“Tangerine”: Grit and guts on an iPhone 5
Make a film about transgender prostitutes of color in Los Angeles on a shoestring budget. Now make it only using the iPhone 5s, but give it a big screen look. This basket of ingredients would sink most studios, but it was an invitation to greatness for director and writer Sean Baker, whose “Tangerine” (2015) stands as a monument to the indie genre and a middle finger to the cinema giants just miles down the road in Hollywood.
The film opens on Christmas Eve, with the motormouth Sin-Dee Rella (Kitana Kiki Rodriguez) having just been released from prison. She discovers from her best friend Alexandra (Mya Taylor) that her drug dealer boyfriend Chester (James Ransone) has been cheating with some “white fish” — a cis-woman. She snaps, and like Ahab, monomaniacally hunts down this Moby Dick, Dinah (Mickey O’Hagan). Like something out of “Grand Theft Auto,” Sin-Dee rampages through L.A.’s streets, busting down doors and tearing through a prostitution ring for her pound of flesh. She becomes a bloodhound in heels, and holds a vice grip once she finds Dinah, dragging her through L.A. with a pocketbook tied around her neck like a leash.
“Tangerine” watches like a violent viral video, but has all the fierceness, swag and hustle of a dominatrix to make you submit in sadistic delight. Sin-Dee manhandles Dinah into obedience while Alexandra wrestles a flaccid customer into compensation. Baker allows their personalities to emergein screwball style, but avoids satire or mockumentary — this is less a film about transgenderism and more about two women tearing up L.A. like Tasmanian devils.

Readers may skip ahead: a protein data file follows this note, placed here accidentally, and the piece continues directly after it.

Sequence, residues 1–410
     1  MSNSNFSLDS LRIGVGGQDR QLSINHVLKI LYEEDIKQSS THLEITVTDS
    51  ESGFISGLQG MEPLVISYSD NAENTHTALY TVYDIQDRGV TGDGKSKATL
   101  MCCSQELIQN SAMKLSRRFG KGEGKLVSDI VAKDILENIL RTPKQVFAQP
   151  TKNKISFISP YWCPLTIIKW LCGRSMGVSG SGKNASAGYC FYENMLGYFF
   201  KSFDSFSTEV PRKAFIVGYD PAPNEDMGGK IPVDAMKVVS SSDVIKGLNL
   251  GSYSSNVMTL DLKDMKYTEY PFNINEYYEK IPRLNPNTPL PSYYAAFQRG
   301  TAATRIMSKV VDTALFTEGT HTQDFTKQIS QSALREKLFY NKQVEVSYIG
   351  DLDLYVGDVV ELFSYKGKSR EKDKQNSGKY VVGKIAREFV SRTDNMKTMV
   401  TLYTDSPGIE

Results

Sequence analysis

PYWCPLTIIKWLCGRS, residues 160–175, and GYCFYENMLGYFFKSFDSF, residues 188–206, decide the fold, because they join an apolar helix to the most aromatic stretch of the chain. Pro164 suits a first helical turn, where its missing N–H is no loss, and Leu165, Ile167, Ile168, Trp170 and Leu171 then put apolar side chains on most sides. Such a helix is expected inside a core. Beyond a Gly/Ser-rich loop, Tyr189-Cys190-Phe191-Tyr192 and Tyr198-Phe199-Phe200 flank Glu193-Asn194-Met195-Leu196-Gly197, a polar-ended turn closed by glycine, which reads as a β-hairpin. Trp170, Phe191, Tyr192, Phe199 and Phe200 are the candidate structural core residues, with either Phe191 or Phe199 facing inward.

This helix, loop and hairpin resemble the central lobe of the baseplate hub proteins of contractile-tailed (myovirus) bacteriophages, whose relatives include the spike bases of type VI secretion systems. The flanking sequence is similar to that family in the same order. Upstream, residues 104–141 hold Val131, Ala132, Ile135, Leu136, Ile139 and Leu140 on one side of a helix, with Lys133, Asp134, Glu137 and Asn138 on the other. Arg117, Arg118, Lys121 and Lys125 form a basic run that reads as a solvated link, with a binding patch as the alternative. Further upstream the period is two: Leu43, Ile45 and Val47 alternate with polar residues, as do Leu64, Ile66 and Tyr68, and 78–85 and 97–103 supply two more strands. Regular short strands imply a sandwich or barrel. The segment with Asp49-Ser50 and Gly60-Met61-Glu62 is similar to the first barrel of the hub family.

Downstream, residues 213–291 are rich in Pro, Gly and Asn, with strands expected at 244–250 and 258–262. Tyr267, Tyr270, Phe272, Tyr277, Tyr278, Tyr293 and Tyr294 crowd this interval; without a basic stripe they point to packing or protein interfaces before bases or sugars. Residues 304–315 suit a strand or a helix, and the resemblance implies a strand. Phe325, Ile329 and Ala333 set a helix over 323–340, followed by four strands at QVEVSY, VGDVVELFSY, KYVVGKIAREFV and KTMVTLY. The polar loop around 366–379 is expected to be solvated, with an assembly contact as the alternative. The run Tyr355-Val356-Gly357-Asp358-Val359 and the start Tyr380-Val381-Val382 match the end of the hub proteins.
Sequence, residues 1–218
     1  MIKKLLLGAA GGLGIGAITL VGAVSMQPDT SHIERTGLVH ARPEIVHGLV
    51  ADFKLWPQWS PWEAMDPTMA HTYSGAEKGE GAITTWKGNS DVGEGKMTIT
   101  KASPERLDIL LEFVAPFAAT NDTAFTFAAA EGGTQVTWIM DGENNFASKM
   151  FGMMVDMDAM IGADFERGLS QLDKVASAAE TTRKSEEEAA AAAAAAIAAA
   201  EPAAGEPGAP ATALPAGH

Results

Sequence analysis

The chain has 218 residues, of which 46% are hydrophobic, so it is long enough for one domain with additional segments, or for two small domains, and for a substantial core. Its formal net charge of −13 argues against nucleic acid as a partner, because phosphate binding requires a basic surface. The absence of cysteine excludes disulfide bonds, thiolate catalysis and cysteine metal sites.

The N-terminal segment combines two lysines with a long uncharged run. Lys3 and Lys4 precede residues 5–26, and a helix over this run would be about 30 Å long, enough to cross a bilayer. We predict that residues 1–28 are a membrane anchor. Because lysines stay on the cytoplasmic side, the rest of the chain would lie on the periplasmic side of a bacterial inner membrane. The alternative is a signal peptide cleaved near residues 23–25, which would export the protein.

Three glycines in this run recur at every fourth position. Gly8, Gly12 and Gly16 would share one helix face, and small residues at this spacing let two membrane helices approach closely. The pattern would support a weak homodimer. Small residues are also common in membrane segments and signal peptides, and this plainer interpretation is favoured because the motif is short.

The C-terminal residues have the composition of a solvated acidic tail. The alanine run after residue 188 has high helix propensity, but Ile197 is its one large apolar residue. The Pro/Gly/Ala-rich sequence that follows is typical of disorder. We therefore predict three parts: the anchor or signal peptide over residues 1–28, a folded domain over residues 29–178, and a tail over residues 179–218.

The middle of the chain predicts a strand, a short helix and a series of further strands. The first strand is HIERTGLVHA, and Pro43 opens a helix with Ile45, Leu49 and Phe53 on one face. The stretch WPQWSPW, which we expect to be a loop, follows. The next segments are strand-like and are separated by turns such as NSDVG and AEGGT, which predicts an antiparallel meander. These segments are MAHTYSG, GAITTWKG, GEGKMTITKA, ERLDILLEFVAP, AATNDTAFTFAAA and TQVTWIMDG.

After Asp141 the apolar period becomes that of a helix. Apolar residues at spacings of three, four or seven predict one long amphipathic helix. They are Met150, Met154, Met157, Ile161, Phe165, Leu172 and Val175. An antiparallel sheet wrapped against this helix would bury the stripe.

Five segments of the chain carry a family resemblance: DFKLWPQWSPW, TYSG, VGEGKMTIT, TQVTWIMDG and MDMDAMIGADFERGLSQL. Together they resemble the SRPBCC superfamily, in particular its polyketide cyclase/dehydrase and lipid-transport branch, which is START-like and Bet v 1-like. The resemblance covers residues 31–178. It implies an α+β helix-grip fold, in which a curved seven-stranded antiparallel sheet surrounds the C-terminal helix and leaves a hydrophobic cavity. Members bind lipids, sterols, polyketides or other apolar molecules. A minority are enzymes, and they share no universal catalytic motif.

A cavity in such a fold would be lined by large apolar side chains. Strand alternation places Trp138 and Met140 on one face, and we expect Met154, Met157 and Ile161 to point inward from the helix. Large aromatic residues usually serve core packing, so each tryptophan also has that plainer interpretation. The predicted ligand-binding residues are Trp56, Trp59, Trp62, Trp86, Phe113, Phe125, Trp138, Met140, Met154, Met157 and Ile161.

Dragged into the brewing maelstrom is Razmik (Karren Karagulian), an Armenian cab driver with a trans-fetish who must hide his desires from his nosy mother-in-law. He pursues Sin-Dee, his princess in the cheetah-print top, back to Donut Time — where Sin-Dee and Alexandra first met up — for the film’s uproarious denouement. Like a multi-car pile up, Sin-Dee, Chester, Dinah, Razmik and his mother-in-law all converge for quite the mad tea party with dialogue so naturalistic it’s hard to believe a script was behind it.
In an interview with Variety magazine, Ransone said that customers often interrupted filming in the donut shop since they couldn’t afford to buy it out for the day. The iPhones, location shooting and perfect casting all give “Tangerine” a documentary feel. Thanks to a few lenses and enhancement apps, the film has the saturation and smoothness of a hip hop music video with the spontaneity and explosiveness of a Vine.
With all the catfighting and shade, there is no room for “Paris is Burning” (1990) moroseness, exploitation or gender agenda — those tubes have thankfully been tied. It’s just one giant drag ball, and gritty L.A. is their catwalk. Perhaps Baker wastes too much screentime on Sin-Dee walking through the streets while dance remixes pound, but her ferocious swagger can make even the most banal sidewalk into a theater of the absurd.
As Caitlyn Jenner becomes a figurehead of the transgender community, we lose sight of the everyday, gritty struggles of the common foot soldier. There are no Vogue covershoots or flowing dresses. As Alexandra reminds us, “All they have is their hustle. And that’s IT!” With women so unflinchingly themselves, Baker’s camera follows in awe of their, well, balls, to make it through a world lived on street corners and passenger seat trysts. But Baker makes us laugh and reminds us that even the most bitter, hotly contentious issues have a tangier side.
“Tangerine” played at Dartmouth’s Loew Auditorium Friday night at 9 p.m.